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The New Mid-Level Exception & Blazers C Greg Oden

This is a point I've referenced briefly on a few recent radio interviews but I'm struggling to remember if I've written about it. It's a fairly big deal for the Portland Trail Blazers going forward. Obvious disclaimer: until an agreement is reached this is all hypothetical.

The NBA's latest proposal to the National Basketball Players Association includes a reduction in size of the mid-level exception from $5 million to $3 million for teams that are above the luxury tax line and a reduction in length to three years. (Note: The mid-level in the last CBA was $5.8 million and good for five years).

At first glance, that might not seem like a huge deal, because there are a limited number of teams in the luxury tax and because a $2 million difference seems like nothing in comparison to a max salary, but there are certainly major repercussions from this anticipated change.

Take Blazers center Greg Oden. One oft-cited idea is that Oden might prefer to latch on to a contender rather than stick around in Portland long-term. Many major contenders -- including the Dallas Mavericks, Miami Heat, Boston Celtics, Los Angeles Lakers, and Orlando Magic -- are likely to be in the luxury tax territory once they fill out their rosters during the upcoming free agency period. 

Joining one of those teams would become, by far, the least profitable option for Oden. Under the previous CBA, Oden could have joined the Heat for a maximum salary of 5 years and $34 million; under the new agreement the maximum Miami or another luxury tax payer could offer him would be 3 years and $9.3 million (including raises, according to Storyteller). That's basically $25 million less total than they would have been able to offer previously. Of course they could re-sign him after the 3-year deal ended but playing at a subsidized rate for three seasons while banking on a big future payday would be a major, likely prohibitive, risk for Oden. By comparison, the $9.3 million over three years offer is just barely more than Oden would be making in the one-year qualifying offer the Blazers extended to him in June. 

Mark Murphy of the Boston Herald writes that the Celtics, once reportedly interested in Oden, now must scratch his name off their list for this reason.

The current package allows only teams under the salary cap to use a full $5 million midlevel exception. Capped-out teams would be allowed an annual $3 million exception. Sign-and-trade deals - the other lifeline for maxed-out rosters - reportedly will be allowed. So at least the path back to the Kevin Garnett well remains open.

Beyond that yellowed $3 million carrot, the Celtics would only have minimum veteran money to throw at free agents.

Forget the pricey free agent big men who could really help this team, such as Nene, Tyson Chandler and even Greg Oden.

Now, if Oden were to sign with a team that is above the salary cap but below the luxury tax line, Storyteller notes that he could receive a 4-year deal starting at $5 million under the NBA's latest proposal. Best case there: Oden could potentially make up to $21 million over four years. Again, a steep drop from the previous mid-level offer that would have been available to him.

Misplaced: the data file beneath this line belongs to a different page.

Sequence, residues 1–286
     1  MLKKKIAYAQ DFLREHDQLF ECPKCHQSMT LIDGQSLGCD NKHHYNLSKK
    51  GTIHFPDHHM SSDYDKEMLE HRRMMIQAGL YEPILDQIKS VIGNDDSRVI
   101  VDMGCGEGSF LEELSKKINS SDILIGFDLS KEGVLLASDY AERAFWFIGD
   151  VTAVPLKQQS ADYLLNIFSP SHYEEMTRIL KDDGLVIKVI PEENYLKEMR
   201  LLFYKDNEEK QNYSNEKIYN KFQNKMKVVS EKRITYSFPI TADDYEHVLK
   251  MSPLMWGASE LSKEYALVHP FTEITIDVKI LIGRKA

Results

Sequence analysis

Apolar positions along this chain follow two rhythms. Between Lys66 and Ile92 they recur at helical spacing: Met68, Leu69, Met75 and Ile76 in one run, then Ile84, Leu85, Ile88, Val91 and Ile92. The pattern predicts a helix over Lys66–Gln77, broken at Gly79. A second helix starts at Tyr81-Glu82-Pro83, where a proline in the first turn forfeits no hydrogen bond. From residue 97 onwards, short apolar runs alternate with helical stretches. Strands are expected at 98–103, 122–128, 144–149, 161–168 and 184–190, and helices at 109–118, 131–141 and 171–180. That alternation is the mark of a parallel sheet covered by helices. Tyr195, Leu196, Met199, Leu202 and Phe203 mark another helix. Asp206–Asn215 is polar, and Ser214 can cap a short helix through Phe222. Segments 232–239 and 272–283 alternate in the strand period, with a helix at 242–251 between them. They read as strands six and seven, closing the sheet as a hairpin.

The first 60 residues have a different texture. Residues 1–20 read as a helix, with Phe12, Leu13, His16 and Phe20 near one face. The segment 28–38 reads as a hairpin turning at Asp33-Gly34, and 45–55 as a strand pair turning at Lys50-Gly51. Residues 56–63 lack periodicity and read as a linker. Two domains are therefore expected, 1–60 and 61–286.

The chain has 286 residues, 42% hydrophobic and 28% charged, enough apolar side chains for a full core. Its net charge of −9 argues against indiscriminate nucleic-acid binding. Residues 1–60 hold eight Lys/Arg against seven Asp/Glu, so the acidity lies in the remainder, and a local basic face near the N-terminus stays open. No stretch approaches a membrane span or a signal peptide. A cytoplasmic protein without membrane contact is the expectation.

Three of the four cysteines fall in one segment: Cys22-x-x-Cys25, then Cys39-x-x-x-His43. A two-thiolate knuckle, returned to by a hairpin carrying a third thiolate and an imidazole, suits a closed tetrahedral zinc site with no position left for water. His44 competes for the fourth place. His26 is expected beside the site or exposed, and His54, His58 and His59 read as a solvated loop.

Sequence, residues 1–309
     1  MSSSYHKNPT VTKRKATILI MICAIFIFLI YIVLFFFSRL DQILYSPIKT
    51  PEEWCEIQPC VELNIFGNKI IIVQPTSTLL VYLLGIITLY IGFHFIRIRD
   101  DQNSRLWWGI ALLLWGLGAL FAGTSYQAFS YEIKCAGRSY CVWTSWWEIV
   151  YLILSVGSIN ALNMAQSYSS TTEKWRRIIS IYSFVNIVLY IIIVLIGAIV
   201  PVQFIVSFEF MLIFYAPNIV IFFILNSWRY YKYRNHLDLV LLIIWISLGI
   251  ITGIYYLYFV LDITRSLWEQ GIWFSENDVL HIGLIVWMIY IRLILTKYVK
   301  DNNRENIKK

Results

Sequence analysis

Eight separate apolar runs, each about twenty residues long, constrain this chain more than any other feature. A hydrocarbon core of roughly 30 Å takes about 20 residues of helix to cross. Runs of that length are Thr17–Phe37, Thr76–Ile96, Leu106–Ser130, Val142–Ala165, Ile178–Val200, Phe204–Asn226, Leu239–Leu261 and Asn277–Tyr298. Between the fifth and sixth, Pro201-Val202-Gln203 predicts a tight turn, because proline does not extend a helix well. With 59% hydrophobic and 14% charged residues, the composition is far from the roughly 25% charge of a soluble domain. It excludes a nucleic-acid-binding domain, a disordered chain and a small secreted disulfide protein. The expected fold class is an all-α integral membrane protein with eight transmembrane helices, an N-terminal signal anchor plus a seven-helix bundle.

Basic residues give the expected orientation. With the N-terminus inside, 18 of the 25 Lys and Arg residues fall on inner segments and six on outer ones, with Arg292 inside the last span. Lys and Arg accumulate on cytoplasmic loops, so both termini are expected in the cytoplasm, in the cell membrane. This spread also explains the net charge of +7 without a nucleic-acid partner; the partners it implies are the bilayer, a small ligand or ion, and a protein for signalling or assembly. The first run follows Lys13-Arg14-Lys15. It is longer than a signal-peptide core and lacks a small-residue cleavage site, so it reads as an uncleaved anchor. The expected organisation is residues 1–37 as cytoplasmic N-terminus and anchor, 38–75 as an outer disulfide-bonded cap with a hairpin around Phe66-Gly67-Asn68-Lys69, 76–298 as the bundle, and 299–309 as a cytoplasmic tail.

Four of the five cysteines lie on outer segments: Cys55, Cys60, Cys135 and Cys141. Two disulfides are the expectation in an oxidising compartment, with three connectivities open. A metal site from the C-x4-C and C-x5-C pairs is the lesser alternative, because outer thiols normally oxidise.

It's worth mentioning that teams with that $5 million mid-level exception will likely find that they have the ability to sign better players than they have in the past, with the full mid-level serving as the magnet for free agents looking for the biggest possible pay day, and with less competition from tax payers. Back in the old days, agents dreamed about locking up players with the "Wesley Matthews Special": 5 years and $34 million. Now those numbers will be 4 years and $21 million and only available to non-taxpayers. That will mean real competition for newly-limited dollars for a player like Oden, as teams with full mid-levels realize they must use them wisely because it's a new, important competitive advantage. 

It's no secret, by this point, that the new CBA really tips the balance in favor of the incumbent team. The Blazers, as the incumbent, would have the ability to make Oden, by far, the best financial offer: 5 years and $79+ million (according to Storyteller). Would the Blazers go that high? It's incredibly unlikely, of course, but then again president Larry Miller is still in charge. But even if Oden insisted on the Blazers providing him an extra incentive to stay, it wouldn't be difficult for Portland to financially beat the best possible offer teams over the cap could make for his services. They could, for example, offer him 5 years and $30 million, and no team above the league's salary cap could come close to matching it.

That leaves only one remaining group of competitors for Oden's services: teams that have significant space under the salary cap. In other words, cheap (and, likely, poor-performing) teams that are usually the least likely to shell out big dollars for a free agent's services. Do you see one of the few penny-wise teams around the league hoarding massive amounts of cap space only to use a sizable amount to acquire Oden, who represents an obvious risk? It's possible, but I don't consider it particularly likely. If it happens, of course, the Blazers would retain the rights to match any offer. Oden would also have to sign off on going to a team that's likely in rebuilding mode, too.

The NBA's new proposal would amount to the league really browning up the "grass is greener on the other side" route for Oden. Competing for a title on South Beach sounds great until you realize you're taking a 66 percent (or more) pay cut to do it. If Oden wants some combination of competing in the playoffs and getting paid, it is about to get far more difficult for anyone to make a better case than Portland under the new collective bargaining agreement. 

-- Ben Golliver | benjamin.golliver@gmail.com | Twitter